The 1972 Reforms and thereafter
26. As a result of the criticisms expressed in 1971,
the Procedure Committee conducted an inquiry into the election
of a Speaker.
Although prompted initially by the complaint about lack of consultation,
the Committee also considered more purely procedural matters.
The procedure according to ancient usage, as set out in paragraph
17 above, remained in force at this time. "Lack of procedure"
might be an apter description, as in many respects the election
of a Speaker took place in a procedural limbo. The Standing Orders
were deemed not to apply to proceedings;
the presiding officer could not speak, deal with points of order,
or accept a dilatory motion; if only one candidate was proposed,
a motion was made which would be agreed to without the question
being put; if more than one candidate was proposed, the House
would debate two substantive motions simultaneously. All these
practices, however time-honoured in respect of the particular
occasion, were contrary to the House's normal way of conducting
27. The Committee received much evidence critical
of these traditional practices, and concluded, in a report published
in January 1972, that it was necessary to make significant changes.
One proposal they considered but rejected was that of election
by secret ballot. This they opposed on the grounds that "it
would be wrong to depart from the general principle that Members
should be publicly accountable for the votes they cast in their
capacities as Members of Parliament"; and because they thought
it likely that a ballot would lead to canvassing and lobbying,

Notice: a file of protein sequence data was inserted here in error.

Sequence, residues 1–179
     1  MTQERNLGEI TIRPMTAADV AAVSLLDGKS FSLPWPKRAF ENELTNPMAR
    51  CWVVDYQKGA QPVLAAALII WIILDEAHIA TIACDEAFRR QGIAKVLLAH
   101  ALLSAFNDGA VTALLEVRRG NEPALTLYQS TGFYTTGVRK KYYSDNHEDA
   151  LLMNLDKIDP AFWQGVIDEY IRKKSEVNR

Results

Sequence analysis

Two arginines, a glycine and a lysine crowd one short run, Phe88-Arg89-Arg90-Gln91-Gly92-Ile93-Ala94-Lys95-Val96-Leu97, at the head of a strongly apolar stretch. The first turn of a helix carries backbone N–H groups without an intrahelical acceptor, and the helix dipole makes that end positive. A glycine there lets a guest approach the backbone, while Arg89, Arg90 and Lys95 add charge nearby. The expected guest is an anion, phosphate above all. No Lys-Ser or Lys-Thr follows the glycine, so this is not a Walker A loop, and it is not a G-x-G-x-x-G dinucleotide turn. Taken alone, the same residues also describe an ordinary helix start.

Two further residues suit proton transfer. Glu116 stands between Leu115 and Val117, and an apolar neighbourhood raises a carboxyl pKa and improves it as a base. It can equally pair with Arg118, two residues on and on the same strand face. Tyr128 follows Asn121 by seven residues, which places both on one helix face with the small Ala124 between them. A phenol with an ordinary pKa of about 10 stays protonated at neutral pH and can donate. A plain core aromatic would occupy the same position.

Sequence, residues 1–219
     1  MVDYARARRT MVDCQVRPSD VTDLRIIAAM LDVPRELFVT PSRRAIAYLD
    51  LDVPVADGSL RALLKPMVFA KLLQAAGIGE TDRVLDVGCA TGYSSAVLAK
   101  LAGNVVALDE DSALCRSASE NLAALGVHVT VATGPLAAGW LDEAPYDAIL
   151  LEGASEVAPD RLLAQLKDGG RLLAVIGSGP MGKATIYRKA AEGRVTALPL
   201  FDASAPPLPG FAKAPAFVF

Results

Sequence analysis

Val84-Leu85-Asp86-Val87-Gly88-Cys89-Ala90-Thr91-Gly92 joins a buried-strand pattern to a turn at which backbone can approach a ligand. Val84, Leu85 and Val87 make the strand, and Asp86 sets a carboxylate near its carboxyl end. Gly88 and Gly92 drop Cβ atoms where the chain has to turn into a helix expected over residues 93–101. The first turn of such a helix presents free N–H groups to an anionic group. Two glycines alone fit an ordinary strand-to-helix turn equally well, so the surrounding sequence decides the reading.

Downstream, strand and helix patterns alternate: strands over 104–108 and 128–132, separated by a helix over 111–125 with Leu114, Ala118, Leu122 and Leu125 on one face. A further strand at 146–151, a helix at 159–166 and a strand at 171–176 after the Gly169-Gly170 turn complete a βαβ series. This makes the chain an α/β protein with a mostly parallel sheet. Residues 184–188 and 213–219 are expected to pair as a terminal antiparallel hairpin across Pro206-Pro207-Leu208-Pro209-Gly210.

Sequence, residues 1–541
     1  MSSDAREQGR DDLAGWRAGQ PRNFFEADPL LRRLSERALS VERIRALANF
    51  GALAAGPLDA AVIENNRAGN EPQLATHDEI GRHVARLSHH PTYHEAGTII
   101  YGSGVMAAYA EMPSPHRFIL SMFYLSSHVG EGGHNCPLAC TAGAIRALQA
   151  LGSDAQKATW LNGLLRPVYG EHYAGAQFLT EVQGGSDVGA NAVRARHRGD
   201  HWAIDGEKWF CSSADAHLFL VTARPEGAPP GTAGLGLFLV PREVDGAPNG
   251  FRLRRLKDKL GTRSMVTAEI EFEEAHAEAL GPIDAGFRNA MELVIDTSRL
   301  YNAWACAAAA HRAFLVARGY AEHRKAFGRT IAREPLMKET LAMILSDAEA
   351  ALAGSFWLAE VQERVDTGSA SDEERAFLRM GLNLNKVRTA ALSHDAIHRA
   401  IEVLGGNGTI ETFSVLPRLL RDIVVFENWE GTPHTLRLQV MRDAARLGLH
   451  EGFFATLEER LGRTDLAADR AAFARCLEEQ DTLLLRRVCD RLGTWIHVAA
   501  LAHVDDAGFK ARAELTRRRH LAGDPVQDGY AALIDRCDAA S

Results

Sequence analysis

which they believed would be undesirable.
28. The Committee's principal recommendations were
(i) The presiding
officer at the election of a Speaker should no longer be the Clerk
but a Member. If the Speaker announces his retirement in mid-session,
he should if possible occupy the Chair until his successor is
elected. On all other occasions the Chair should be taken by the
backbench Member with the longest unbroken period of service who
is present in the House (usually "the Father of the House").
(ii) If a single candidate is proposed,
the question should be put.
(iii) Motions for the election of further
candidates should be moved in the form of amendments to the original
motion. (That is, a motion would be made and the question proposed,
that a Member do take the Chair as Speaker; if an amendment was
proposed, to leave out the name first put forward and insert another,
the House would decide upon this amendment; as soon as this, or
a subsequent, amendment was agreed to, the House would decide
on the main question as amended; if no amendment was agreed to,
the House would decide on the main question in its original form.)
(iv) Proceedings should be subject to certain
provisions of the Standing Orders, and the presiding Member should
be granted some of the usual powers of the Chair, for instance
in respect of dilatory motions.
(v) In other respects proceedings should
follow the procedure established by ancient usage.
27. These recommendations were adopted by the House,
on 8 August 1972, and embodied in Standing Order No. 1 (Election
of the Speaker), which has not been subsequently amended and remains
the basis of Speakership elections.
28. One point should be noted about the rationale
underlying the 1972 changes. The rule that proposal of further
candidates be made by way of amendment to the original motion
has the effect that the House must take a decision on those candidates
before it considers the candidate first proposed. The Committee
hoped that this would serve to demonstrate the lack of
support for minor candidates and thus enable a unanimous decision
to be taken on the candidate with the widest support: "if
this question [on the second candidate] were negatived by a large